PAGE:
I clearly see this as a problem, however, like you said, there are ways of dealing with that on stage.  Also, using the synth tones sparingly is important too.  In my sons' band case, they will use it in about 15% of the songs I'd say, maybe 2 in 10 songs.

My biggest problem will be ensuring I can get really good tone out of the guitar for the high gain sounds while at the same time having access to all the synth tones.  You guys have really helped me get the tone selection issues resolved here in this forum (the use of the CTL foot switch and and S1/S2 switch logic).  This is great and I think will cover all our needs.  Again the problem I'll have is guitar tone.  These kids are tone snobs already!!!  But if they want to play Santana's Smooth or Jesus of Suburbia, they are going to probably have to accept some less than perfect issues.

Again, thanks for the help with all this.  I would actually like to create a two-cable panning patch guide and post it.  Sure might help someone else get there quickly.


For what it's worth....

You may recall I had made some complaints about guitar tone when using the two cable OUTPUT pan LEFT/pan RIGHT method.  NOTE: this is NOT the method used in the title of this thread!

Anyway, I had reported that the guitar tone seemed thin and lacked "balls" when using the two cable OUTPUT pan LEFT/pan RIGHT method.  I thought the guitar tone was particularly affected on high gain settings with lots of distortion.

Here's my update...

User error.

I got to playing around with it in more detail last night.  Not only was I able to get the tone "just right" but after getting where I thought it was as good as I could get it, I then bypassed the entire GR-55 and went out of the guitar 1/4" and directly into the amp.  There was almost no discernible change in tone.  If you studied the sound, yes there's a difference, but it was very subtle and NO WOULD NOTICE this in a gig.

So I'm pretty happy with that!!!



Quote from: adagosto on August 04, 2015, 11:09:02 AMWhen I use the "Guitar Out" an connect that to the "Guitar In" on my amp, the Normal Pickup tone is very thin and lacks a significant amount of "tone".  It sounds shallow and almost tinny and lacks all the low end.

I tried connecting the GK-55 Guitar Out into my pedal board as well as directly into the amp with no change in tone.  I did make sure I was actually hearing the Normal Pickups and not the modeled guitar tone.  When I added the modeled sound it actually sounded much better, but nothing like when I plug the guitar directly into the amp.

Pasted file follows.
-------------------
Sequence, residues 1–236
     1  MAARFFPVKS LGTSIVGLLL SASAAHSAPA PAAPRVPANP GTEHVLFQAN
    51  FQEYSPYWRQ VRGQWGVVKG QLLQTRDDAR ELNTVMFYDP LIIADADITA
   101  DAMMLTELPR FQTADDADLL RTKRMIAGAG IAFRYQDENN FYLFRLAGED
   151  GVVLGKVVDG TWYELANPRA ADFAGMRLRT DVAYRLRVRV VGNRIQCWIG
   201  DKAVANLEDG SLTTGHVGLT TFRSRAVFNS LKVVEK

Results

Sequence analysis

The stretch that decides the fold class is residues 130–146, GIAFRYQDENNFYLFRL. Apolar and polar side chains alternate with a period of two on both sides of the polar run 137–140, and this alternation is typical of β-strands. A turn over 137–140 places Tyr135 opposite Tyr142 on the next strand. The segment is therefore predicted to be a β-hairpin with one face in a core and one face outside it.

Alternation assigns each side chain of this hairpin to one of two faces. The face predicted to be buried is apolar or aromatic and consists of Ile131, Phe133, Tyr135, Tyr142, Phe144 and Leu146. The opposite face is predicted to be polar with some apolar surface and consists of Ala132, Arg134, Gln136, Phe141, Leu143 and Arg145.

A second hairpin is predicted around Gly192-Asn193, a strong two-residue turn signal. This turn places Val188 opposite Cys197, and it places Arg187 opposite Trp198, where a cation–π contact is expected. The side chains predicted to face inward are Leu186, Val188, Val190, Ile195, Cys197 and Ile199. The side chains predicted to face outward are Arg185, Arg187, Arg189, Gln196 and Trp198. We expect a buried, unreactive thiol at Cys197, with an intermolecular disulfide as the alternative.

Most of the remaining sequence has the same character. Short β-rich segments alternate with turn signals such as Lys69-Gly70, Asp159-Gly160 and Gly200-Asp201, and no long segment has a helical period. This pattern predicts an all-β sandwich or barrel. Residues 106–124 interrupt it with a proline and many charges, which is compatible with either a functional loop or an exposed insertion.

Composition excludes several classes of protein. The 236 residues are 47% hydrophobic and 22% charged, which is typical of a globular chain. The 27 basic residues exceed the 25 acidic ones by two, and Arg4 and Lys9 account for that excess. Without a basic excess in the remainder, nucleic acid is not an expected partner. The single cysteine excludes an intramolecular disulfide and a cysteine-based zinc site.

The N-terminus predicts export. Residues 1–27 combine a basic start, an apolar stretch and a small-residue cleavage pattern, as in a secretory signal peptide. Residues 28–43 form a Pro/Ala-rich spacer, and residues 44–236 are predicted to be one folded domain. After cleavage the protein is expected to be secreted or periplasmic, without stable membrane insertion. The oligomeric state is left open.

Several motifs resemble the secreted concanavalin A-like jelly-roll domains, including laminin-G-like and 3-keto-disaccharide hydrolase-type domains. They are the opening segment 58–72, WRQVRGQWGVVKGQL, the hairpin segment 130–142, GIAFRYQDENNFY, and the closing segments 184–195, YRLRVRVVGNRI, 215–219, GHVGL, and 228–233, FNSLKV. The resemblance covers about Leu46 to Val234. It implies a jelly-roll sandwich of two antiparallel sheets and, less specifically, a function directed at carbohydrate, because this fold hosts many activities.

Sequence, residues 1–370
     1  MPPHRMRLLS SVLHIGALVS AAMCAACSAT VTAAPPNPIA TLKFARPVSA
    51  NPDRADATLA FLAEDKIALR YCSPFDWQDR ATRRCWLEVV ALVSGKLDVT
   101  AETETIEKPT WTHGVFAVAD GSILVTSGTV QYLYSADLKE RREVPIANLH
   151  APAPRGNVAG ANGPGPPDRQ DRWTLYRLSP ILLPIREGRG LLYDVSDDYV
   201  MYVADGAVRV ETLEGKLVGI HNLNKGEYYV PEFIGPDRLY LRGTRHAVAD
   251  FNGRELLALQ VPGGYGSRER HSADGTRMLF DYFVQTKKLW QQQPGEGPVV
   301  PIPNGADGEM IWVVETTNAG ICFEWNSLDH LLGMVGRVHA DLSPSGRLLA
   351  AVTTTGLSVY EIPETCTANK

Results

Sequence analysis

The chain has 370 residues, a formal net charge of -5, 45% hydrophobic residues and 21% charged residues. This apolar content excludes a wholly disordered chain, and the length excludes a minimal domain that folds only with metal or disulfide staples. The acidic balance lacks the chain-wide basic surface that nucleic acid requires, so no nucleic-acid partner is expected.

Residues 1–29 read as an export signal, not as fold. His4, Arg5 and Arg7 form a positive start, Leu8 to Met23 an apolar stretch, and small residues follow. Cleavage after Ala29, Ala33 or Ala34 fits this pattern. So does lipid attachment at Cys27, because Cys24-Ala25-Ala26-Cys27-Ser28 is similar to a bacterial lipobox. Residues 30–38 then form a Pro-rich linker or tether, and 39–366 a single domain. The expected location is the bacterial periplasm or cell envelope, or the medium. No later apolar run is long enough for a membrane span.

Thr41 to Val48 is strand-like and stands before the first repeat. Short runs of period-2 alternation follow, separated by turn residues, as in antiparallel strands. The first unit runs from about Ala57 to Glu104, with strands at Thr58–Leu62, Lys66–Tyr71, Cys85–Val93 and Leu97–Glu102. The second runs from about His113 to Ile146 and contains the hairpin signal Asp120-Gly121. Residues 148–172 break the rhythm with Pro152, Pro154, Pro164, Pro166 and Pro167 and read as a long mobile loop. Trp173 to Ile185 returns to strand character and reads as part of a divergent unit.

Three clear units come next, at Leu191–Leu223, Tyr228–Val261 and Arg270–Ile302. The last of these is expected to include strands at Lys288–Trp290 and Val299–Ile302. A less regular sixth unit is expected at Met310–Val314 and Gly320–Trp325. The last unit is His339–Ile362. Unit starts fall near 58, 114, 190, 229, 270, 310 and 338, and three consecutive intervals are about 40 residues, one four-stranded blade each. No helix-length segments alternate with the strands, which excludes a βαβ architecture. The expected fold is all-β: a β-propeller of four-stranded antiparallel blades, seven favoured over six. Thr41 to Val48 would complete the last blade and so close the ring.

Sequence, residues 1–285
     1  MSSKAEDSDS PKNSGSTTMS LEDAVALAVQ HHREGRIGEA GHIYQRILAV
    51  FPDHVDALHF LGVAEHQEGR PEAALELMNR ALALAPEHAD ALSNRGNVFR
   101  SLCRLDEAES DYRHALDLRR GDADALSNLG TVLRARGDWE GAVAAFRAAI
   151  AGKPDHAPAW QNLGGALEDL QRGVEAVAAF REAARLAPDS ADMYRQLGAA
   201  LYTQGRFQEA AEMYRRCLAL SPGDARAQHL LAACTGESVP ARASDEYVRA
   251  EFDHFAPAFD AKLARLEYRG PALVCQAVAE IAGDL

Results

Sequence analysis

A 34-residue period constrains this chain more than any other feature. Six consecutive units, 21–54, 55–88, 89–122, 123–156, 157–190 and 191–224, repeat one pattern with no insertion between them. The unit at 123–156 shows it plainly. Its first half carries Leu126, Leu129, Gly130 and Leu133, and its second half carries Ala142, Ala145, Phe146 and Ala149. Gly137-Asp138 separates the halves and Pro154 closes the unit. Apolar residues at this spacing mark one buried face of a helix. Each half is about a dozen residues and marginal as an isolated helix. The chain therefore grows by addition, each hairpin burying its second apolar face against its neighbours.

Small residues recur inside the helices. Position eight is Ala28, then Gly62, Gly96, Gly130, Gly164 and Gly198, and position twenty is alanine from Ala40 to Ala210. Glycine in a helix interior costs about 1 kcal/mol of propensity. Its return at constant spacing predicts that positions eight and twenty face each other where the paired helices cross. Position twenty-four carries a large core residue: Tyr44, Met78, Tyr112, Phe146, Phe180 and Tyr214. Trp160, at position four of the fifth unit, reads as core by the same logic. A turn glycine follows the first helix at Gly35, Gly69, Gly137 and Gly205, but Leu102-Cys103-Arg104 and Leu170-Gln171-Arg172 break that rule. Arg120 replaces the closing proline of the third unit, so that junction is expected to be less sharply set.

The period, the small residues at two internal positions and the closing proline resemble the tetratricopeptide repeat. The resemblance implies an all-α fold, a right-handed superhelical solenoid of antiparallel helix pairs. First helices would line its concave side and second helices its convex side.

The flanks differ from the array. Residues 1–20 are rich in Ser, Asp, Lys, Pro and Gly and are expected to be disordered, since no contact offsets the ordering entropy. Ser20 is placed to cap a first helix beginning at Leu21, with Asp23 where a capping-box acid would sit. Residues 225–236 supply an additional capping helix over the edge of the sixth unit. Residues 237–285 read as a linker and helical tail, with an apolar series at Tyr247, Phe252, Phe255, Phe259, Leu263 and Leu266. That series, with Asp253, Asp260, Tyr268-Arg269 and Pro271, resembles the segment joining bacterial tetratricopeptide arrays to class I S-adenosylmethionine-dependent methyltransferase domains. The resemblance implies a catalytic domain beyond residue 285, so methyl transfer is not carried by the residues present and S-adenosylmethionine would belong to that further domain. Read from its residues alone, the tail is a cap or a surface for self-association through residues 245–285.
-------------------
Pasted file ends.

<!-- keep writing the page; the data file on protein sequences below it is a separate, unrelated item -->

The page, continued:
Is this something that can be fixed/controlled/improved??  Or is this kinda normal for the GK-55.

Old thread, but I've just been looking at schematics.
1. The input impedance on the GK3 "guitar in" jack is 470K - this can suck tone dependent on your pickups.
2. The "guitar out" from the GR55 signal path: Pickups -> GK3 "guitar in" -> buffer -> pin 7 on GK cable -> buffer -> ADC -> DSP -> DAC -> GR55 "guitar out".  Elantric has already pointed this out.
3. For those running a "dry guitar out" loop which hijacks the pin 7 signal, the input buffer for on the GR55 only has a 100K impedance as it expects an active signal.

Potential solutions:
1. Open up the GK3 box and change a 470K resistor to 1M or above.
2. Not alterable.
3. Install a simple buffer after the input jack and run it off the +/-7V rails, or change the 100K resistor up on the GR55 mainboard.


Yes, swapping the surface mount GK3 470k resistor to 1Meg is probably the best solution. In an ideal GK3 P7 input circuit a 5M-10M pot/preset would find the sweet impedance spot, but that's costly and impractical. The case for a external GR55 input buffer is a good one, And it would be great to switch between three normal P7 input guitars in a pedal ;D


GKP-2 parallel P7 switcher.
14dB EMI/RF improvement over a GK3 P7 input. A normal guitar buffer op-amp +input is an antenna for EMI/RF, and Roland should have gone with a pressed-aluminium GK3 shielded enclosure...tut tut.

Basic P7 circuit with hi-end op-amp OPA1656.
Best placed in a diecast screened case using battery power. A GR55 +/-7VDC is a second choice, but adds 2-3dB mains psu ripple.